In answering this question, Robins shared 6 actions that healthcare providers can take towards this goal: 
Find the story  Most healthcare providers begin their consultation session by assessing patient history. An alternative start would be to have a conversation with the patient to understand how diabetes has affected his/her life and the life of loved ones. Understanding where the patient is on their diabetes journey can help healthcare providers individualise the education session. 
Don’t make assumptions Patients can be at different stages of behaviour change, with some who are more motivated than others to adopt self-care behaviours.  
Practice person-centered care There are 10 behaviours that the health-care provider can adopt towards person-centred care. Among these 10 behaviours, helpful pointers include being respectful to the patient, considering their experience and preferences, and communicating with both the patient and their caregiver. 
Build SMARTER goals  Managing diabetes can involve many complex changes. Building your patient’s behaviour in a series of steps can be helpful. Many have heard of SMART goals, but a good approach to take is to build SMARTER goals with your patient. SMARTER is an acronym for Specific, Measurable, Actionable, Realistic, Time limited, Expect Problems, and Review and Reiterate.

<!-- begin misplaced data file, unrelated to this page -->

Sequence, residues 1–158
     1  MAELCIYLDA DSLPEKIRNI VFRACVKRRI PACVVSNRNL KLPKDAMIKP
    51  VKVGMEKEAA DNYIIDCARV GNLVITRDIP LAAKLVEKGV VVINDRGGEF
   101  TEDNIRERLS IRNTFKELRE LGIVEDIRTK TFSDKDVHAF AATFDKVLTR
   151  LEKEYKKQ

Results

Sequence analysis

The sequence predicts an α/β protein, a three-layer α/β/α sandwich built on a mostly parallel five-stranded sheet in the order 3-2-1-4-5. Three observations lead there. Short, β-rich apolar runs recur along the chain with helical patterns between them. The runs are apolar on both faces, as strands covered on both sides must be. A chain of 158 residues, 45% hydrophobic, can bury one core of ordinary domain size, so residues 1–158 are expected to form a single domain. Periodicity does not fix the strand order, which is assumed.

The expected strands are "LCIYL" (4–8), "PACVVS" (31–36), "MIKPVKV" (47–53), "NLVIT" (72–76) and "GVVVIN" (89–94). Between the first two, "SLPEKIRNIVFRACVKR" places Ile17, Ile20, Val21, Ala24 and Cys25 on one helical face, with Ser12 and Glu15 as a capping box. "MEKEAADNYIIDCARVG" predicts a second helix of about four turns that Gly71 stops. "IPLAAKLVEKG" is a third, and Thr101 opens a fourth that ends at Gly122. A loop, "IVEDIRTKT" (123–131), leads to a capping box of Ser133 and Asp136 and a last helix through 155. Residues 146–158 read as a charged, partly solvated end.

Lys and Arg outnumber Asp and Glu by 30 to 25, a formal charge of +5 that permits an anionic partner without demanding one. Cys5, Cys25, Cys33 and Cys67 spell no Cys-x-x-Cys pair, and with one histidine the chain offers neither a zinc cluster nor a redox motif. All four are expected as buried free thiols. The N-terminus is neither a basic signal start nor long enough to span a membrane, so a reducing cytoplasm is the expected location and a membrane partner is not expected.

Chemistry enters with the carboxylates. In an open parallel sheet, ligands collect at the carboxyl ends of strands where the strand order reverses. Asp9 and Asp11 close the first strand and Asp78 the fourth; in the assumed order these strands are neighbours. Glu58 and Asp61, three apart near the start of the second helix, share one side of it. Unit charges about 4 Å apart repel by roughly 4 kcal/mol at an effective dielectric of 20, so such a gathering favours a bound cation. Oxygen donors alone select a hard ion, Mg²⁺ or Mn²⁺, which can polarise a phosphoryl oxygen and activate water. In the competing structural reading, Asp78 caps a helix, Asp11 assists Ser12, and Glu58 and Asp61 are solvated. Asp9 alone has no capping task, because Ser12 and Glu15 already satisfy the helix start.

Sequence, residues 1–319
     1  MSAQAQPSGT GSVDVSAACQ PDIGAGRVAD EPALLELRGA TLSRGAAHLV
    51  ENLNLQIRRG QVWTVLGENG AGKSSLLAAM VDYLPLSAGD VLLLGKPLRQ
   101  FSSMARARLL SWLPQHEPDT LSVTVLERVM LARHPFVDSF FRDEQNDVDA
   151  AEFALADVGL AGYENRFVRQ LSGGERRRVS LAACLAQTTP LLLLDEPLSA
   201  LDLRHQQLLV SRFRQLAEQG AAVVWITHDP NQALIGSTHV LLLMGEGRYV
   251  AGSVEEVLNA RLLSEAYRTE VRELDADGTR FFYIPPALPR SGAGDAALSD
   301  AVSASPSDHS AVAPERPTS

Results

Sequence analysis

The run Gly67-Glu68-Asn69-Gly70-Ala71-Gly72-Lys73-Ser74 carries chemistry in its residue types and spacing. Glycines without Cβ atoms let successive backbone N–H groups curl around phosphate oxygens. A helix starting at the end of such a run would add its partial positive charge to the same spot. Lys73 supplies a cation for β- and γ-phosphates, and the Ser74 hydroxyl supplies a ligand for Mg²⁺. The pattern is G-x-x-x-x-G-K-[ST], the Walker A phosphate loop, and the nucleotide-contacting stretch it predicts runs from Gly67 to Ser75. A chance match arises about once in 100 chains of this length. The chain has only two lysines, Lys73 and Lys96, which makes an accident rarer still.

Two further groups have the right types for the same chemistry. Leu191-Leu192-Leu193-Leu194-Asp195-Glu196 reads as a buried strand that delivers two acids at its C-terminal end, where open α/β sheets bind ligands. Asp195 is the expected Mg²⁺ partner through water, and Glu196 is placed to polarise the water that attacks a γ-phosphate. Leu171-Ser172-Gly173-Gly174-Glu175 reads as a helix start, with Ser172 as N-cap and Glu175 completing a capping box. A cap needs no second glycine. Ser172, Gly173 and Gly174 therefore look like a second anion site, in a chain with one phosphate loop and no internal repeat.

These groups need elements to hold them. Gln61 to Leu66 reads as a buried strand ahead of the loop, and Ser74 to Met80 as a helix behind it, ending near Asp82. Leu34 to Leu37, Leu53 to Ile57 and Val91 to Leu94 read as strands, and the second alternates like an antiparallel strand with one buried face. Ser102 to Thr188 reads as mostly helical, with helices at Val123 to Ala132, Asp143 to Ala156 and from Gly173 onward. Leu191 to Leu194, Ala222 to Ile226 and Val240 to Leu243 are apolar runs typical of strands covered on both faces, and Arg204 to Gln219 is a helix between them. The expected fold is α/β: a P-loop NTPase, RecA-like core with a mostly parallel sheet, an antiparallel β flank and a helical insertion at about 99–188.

Don’t tell the patient what to do, but why something is done Patients are more likely to embrace a new behaviour if they know why they need to engage in that new behaviour. For example, instead of telling patients to store their insulin injections in the fridge, tell them why they need to store their insulin in the fridge. 
Review your workplace support system Successful patient outcomes depends on ongoing support. Reviewing the available resources at your workplace that supports diabetes self-management education (DSME) is one way to plan ongoing support for your patient living with diabetes. 

For Malaysians living with diabetes, individualised support from their healthcare provider and diabetes educator can help them adopt self-care behaviours that improve blood glucose control and optimise quality of life.   To view the full-webinar, visit:   References: 

  1. Institute for Public Health 2020. National Health and Morbidity Survey (NHMS) 2019: Non-communicable diseases, healthcare demand, and health literacy—Key Findings. 
  1. White JR. A brief history of the development of diabetes medications. Diabetes Spectrum. 2014;27(2):82-86. doi10.2337/diaspect.27.2.82. 
  1. Feingold KR. Oral and Injectable (Non-Insulin) Pharmacological Agents for Type 2 Diabetes. [Updated 2020 Jul 12]. In: Feingold KR, Anawalt B, Boyce A, et al., editors. Endotext [Internet]. South Dartmouth (MA):, Inc.; 2000-. Available from: